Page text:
Search Results

You are looking at 31 - 40 of 54 items for

  • Author or Editor: Michael R. Lappin x
  • Refine by Access: All Content x
Clear All Modify Search

Abstract

Objective—To determine the prevalence of infectious diseases of animal and zoonotic importance in cats and dogs rescued and transferred from the Gulf Coast region following Hurricane Katrina.

Design—Cross-sectional study.

Animals—414 dogs and 56 cats rescued and transferred from the Gulf Coast region within 4 months after the hurricane.

Procedures—EDTA-anticoagulated blood and serum samples were tested via PCR and serologic assays for infectious diseases.

Results—In dogs, prevalence was highest for anti-West Nile virus (WNV) antibodies (218/390 [55.9%]), Dirofilaria immitis antigen (195/400 [48.8%]), anti-Toxoplasma gondii antibodies (92/366 [25.1%]), and hemotropic mycoplasma DNA (40/345 [11.9%]). The DNA of Bartonella spp, Ehrlichia spp, or Babesia spp or anti-canine influenza virus antibodies were identified in < 2% of dogs. In cats, prevalence was highest for antibodies against Bartonella spp and DNA of Bartonella spp combined (49/55 [89.1 %]), anti–T gondii antibodies (13/55 [23.6%]), hemotropic mycoplasma DNA (5/47 [10.6%]), anti-WNV antibodies (5/48 [10.4%]), D immitis antigen (4/50 [8.0%]), and anti–FIV antibodies (4/56 [7.1%]). A total of 308 (74.4%) dogs and 52 (92.9%) cats had evidence of previous or current vector-borne infections.

Conclusions and Clinical Relevance—Cats and dogs rescued from the disaster region had evidence of multiple infectious diseases. The dispersal of potentially infectious animals to other regions of North America where some infections were not typically found could have contributed to new geographic ranges for these organisms or to underdiagnosis in affected animals because of a low index of suspicion in regions with low disease prevalence.

Full access
in Journal of the American Veterinary Medical Association

Abstract

OBJECTIVE

To evaluate effects of topical ophthalmic administration of diclofenac on intraocular pressure (IOP) when applied at 4 frequencies to eyes of Beagles.

ANIMALS

8 ophthalmologically normal Beagles.

PROCEDURES

The study involved four 5-day experimental periods each separated by a 16-day washout period. During each period, 1 drop of 0.1% diclofenac sodium ophthalmic solution was administered to the right eye at 4 treatment frequencies (1, 2, 3, or 4 times/d); 1 drop of eyewash was administered to the left eye as a control treatment. A complete ophthalmic examination was performed on days 0 (day before first treatment) and 5 of each experimental period. Gonioscopy was performed on day 0 of the first period. The IOPs were measured at 7 am and 7 pm on days 1 through 5.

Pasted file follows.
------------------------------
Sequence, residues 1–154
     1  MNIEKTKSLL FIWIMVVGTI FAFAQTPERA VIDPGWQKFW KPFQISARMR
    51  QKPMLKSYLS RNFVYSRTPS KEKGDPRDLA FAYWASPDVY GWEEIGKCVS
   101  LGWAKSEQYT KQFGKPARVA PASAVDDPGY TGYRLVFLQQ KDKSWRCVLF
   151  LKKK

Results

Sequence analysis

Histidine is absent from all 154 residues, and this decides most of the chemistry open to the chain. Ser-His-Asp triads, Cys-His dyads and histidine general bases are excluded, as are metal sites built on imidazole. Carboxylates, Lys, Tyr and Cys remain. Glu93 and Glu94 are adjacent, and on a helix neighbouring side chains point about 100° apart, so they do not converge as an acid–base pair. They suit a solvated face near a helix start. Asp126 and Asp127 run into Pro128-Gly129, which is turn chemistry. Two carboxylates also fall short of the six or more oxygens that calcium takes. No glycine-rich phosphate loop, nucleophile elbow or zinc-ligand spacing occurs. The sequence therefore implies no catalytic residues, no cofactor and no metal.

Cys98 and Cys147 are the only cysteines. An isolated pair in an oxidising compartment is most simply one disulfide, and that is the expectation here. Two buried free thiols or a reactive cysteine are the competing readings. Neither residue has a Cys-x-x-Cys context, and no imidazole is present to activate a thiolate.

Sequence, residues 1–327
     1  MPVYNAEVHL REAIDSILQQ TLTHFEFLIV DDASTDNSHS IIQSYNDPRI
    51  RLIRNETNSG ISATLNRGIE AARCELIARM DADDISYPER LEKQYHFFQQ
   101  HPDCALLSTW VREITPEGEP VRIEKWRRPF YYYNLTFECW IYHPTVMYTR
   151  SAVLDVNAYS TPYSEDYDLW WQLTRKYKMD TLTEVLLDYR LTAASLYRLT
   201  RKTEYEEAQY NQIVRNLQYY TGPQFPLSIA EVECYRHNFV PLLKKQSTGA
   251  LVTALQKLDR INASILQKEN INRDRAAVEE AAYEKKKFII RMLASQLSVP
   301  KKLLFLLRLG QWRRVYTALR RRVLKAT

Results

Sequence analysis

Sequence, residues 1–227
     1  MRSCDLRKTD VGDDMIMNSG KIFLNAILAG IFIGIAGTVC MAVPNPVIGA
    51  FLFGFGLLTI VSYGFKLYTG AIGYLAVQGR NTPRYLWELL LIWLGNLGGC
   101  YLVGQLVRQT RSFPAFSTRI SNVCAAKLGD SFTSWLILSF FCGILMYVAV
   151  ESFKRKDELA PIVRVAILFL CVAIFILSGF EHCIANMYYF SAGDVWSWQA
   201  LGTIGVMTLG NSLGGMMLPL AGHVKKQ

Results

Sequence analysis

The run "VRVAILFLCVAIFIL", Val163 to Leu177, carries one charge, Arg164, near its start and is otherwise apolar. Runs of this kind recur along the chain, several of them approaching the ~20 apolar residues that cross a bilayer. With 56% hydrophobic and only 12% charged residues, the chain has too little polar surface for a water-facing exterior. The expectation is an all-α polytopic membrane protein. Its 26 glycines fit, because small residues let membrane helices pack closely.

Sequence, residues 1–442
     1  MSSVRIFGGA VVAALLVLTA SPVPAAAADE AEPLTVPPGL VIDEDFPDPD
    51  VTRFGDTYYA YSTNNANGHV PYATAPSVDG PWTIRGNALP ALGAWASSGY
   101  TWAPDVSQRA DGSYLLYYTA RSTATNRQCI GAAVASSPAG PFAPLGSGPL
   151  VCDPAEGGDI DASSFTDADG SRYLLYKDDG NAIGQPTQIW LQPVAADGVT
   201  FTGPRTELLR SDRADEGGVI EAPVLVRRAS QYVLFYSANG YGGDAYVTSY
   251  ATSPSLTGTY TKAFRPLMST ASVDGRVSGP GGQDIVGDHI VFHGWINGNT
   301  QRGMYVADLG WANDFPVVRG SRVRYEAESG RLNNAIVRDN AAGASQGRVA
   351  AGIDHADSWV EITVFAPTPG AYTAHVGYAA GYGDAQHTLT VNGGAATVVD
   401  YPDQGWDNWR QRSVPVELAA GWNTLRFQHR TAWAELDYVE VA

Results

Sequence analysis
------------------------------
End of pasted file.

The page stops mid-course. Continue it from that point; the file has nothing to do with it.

RESULTS

No abnormalities were detected during neuro-ophthalmic and ophthalmic examinations on day 0 of each experimental period. No adverse reactions to administration of diclofenac or eyewash were observed at any time point. No abnormalities were detected during ophthalmic examinations performed on day 5, and IOPs remained < 25 mm Hg in all 4 periods. No significant differences were identified between the treated and control eyes or among the 4 treatment frequencies.

CONCLUSIONS AND CLINICAL RELEVANCE

Topical ophthalmic administration of diclofenac up to 4 times/d in dogs with no ophthalmic abnormalities did not significantly increase the IOP. Additional research is needed to evaluate the effect of topical ophthalmic administration of diclofenac on IOP in dogs with anterior uveitis.

Full access
in American Journal of Veterinary Research

Abstract

Objective—To evaluate semiquantitative and quantitative assays for microalbuminuria and determination of the urine albumin-creatinine (UAC) ratio in detection of systemic disease in dogs without overt proteinuria.

Design—Prospective study.

Animals—408 dogs.

Procedures—Urine samples that had been obtained from dogs for which a complete medical record was available and in which results of a dipstick test for urine protein were negative were evaluated. Urine protein-creatinine ratios (cutoff values, 0.5 and 0.1), semiquantitative and quantitative microalbuminuria values (cutoff value, 1 mg/dL), and UAC ratios (cutoff values, 100 and 200 mg/g) were determined. Clinical diagnoses rendered within 3 months of enrollment in the study were recorded. Sensitivity and specificity were determined with disease status serving as the standard. Associations with clinical diagnosis, sex, age, BUN and serum creatinine concentrations, blood pressure, results of bacterial culture of urine, temperature, pyuria, hematuria, and bacteriuria were evaluated by use of logistic regression analysis.

Results—48 dogs were healthy, and 360 had at least 1 disease. Significant associations were detected between age, presence of disease, presence of neoplastic disease, BUN and serum creatinine concentrations, and hematuria and results of 1 or both of the microalbuminuria assays.

Conclusions and Clinical Relevance—Microalbuminuria was associated with underlying disease. The sensitivity and specificity of the semiquantitative microalbuminuria test for detection of systemic disease were superior to those of other tests. Microalbuminuria testing in conjunction with other screening procedures may increase diagnosis of subclinical disease, but a prospective study in which the predictive values of screening tests are evaluated, with and without microalbuminuria determination, is needed.

Full access
in Journal of the American Veterinary Medical Association

Abstract

Objective—To evaluate orally administered famciclovir for treatment of cats with experimentally induced disease attributable to feline herpesvirus type-1 (FHV-1).

Animals—16 nonvaccinated specific-pathogen-free cats.

Procedures—Cats were treated orally with famciclovir (90 mg/kg; n = 10) or a similar volume of lactose (400 mg; 6) 3 times/d for 21 days. Cats were inoculated with FHV-1 and administered the first treatment dose on day 0. Disease score; weight; results of urinalysis, serum biochemical analysis, and CBC; histologic conjunctivitis score; herpetic DNA shedding; goblet cell density; anti-FHV-1 antibody concentration; and plasma penciclovir concentration were measured.